Immigrants are drawn to the United States because of its success as a nation: it offers economic opportunities, liberty and safety. Some people come here legally, while others cross the borders illegally—often lured by jobs offered by American employers who care not about the rule of law or border security. While portrayed as a land of immigrants, America has been brutally hostile to the new waves—who then get their turn at deriding and excluding the next waves.
For those who wish to keep illegal immigrants out of the United States, a major challenge is off setting the great appeal of America with something terrible enough to serve as a deterrent. Since there are people fleeing death squads or utter poverty, a rather strong deterrent is needed. Attorney General Jeff Sessions has found what he thinks is an effective deterrent, namely the threat that parents and children will be separated if they are caught being in the country unlawfully. As Sessions sees it, when parents take their children across the border, they are engaged in child smuggling and he intends to put the full weight of the law on the backs of those trying to enter or remain illegally. This approach does raise some serious moral concerns.
On the one hand, it can be justified on utilitarian grounds. Sessions’ goal is to enforce the existing immigration laws and he regards this as a worthy end. While separating children from their parents as a matter of policy seems wicked, cruel and heartless, such a serious threat could be enough to deter people from crossing. In effect, Sessions is saying: we will take your children away—a threat that would terrify any caring parent.
Thanks to the Obama administration, this threat is especially terrifying. The ACLU reports that on Obama’s watch immigrant children were seriously abused—including being subject to sexual abuse. While it has been claimed that these problems have been addressed, the government lost track of 1,475 immigrant children in 2017, which is cause for concern about the current system. If potential immigrants are made aware of these facts, Sessions’ threat would have even greater deterrent value. In effect, this would be telling potential law breakers that the government will take away their kids, perhaps abuse them and possibly lose track of them. From the standpoint of reducing illegal immigration, this sort of threat could prove effective. Unless, of course, the potential immigrants are unware of these facts, think they are untrue, or face worse dangers at home.
On the other hand, there seems to be a moral problem with threatening parents in this manner—especially with the recent revelations about what immigrant children could face. On utilitarian grounds, while this threat might have deterrent value, the harm to the parents and children could easily outweigh the positive value of deterrence. As such, it would be wrong to do this.
There is also the concern that such a threat is simply wrong—that is, the state should not threaten to separate families. This raises the question about what it is acceptable to do to try to secure the borders. On one extreme, it would clearly be wrong to simply kill the children of illegal immigrants who are caught. It would also be wrong to simply leave the borders uncontrolled. The question is how far one can, morally, go in defending the borders. Since the threat is aimed at families, this fact must also be considered in terms of the severity of threat allowed. It would be one thing to aggressively deter people who are intent on committing violent and serious crimes, quite another to use severe methods to deter people who are, at worst, likely to only work illegally for an American employer. Put another way, this threat works best against people who are far from the worst—families who care about their children. As such, this would seem to make the threat even more morally problematic.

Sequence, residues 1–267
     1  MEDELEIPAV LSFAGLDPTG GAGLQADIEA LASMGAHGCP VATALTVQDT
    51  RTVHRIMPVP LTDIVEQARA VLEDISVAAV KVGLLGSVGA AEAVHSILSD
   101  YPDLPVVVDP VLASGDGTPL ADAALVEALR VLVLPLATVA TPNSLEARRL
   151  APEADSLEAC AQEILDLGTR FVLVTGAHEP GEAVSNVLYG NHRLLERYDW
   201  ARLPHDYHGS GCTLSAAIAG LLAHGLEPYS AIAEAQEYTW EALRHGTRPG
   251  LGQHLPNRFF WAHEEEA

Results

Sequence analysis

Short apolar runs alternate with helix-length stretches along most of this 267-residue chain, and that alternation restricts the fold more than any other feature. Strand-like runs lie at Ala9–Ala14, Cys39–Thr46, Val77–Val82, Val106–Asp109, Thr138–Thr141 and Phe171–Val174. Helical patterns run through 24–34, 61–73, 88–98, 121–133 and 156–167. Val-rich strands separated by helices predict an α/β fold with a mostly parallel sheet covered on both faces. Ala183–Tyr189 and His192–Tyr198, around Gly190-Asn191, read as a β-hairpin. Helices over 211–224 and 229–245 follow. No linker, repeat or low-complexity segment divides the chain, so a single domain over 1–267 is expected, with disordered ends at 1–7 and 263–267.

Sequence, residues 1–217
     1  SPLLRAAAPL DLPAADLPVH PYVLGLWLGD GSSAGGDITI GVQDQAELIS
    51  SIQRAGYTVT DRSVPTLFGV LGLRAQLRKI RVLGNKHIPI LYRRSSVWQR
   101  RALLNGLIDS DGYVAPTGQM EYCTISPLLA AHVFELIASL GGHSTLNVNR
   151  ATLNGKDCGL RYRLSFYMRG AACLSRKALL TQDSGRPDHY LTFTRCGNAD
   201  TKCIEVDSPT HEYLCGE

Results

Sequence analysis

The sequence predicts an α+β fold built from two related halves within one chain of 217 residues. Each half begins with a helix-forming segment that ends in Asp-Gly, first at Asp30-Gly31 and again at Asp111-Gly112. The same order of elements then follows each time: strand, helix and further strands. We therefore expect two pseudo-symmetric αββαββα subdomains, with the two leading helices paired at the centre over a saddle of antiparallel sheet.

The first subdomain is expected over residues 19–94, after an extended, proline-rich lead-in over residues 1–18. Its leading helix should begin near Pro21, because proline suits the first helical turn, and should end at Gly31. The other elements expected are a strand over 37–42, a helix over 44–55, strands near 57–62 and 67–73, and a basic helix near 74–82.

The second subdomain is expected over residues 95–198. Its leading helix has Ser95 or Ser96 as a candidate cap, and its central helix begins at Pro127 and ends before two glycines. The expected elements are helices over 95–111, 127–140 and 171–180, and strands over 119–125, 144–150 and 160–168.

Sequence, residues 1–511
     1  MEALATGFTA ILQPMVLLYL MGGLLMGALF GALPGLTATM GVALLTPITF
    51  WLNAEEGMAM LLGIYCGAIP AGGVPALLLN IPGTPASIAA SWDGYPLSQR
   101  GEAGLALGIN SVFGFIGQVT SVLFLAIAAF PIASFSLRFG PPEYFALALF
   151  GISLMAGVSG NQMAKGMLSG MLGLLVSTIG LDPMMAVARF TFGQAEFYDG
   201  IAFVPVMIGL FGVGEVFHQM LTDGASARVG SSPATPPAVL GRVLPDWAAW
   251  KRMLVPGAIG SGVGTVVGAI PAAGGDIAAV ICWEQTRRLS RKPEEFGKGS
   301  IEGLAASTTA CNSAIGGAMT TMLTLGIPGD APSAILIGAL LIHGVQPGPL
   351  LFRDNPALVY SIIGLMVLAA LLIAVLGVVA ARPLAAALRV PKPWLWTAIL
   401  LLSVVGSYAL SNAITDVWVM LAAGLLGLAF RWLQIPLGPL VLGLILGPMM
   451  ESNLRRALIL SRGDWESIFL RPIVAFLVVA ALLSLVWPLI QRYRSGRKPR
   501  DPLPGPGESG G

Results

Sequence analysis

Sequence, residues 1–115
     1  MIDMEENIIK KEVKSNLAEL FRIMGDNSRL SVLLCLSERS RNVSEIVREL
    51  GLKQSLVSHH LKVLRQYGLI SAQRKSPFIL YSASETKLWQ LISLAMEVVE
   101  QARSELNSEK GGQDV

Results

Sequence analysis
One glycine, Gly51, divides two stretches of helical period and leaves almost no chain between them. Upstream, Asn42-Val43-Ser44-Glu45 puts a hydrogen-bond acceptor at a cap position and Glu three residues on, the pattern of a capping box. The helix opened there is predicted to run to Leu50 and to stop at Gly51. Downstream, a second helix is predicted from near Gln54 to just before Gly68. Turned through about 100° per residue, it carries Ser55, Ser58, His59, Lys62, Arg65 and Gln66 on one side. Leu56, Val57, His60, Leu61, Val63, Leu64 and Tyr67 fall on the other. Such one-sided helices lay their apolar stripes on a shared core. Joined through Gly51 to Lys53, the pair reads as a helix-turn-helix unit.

It could be countered that some people might be trafficking children into the country to provide them to Americans who wish to exploit them, and these traffickers would be deterred by this threat. The easy and obvious response is that there are already laws against trafficking children that do not also catch families in a broad net. As such, this approach would do little or nothing to deter child trafficking; instead it would harm families.
Defenders of Sessions’ threat would note a point made by Sessions: if parents do not want to be separated from their children, then they should not come here. While this might seem like a reasonable point, some people who come here are fleeing terrible circumstances that are worse than what might happen to them here. As such, the deterrence value of the threat will be lacking. To use an analogy, it would be like having people on shore with whips threatening to whip the shark pursued survivors of a ship wreck if they step on the shore to get away from the sharks. The sharks are worse than the whip, but whipping the survivors is a terrible thing to do.
Also, saying “don’t do that if you don’t want me to do something bad to you” often has a bad moral odor and a strong flavor of justification by victim blaming. For example, a partner who says “if you don’t want to get hit, make sure you have my dinner on the table and keep your smart mouth shut” would clearly be in the wrong. Likewise, saying “if you don’t want us to do bad things to your kids, don’t come here illegally” seems to be the wrong thing to say. Defenders of Sessions would contend that this is not analogous at all; they would presumably see it more along the lines of “if you don’t want to get shot, then don’t break into my house”—a justified deterrence rather than a cruel threat.
As should be expected, my own view that this approach of threatening children is morally unacceptable—there are better ways to address border security that would be more effective and would not create the impression that we are thugs who threaten children.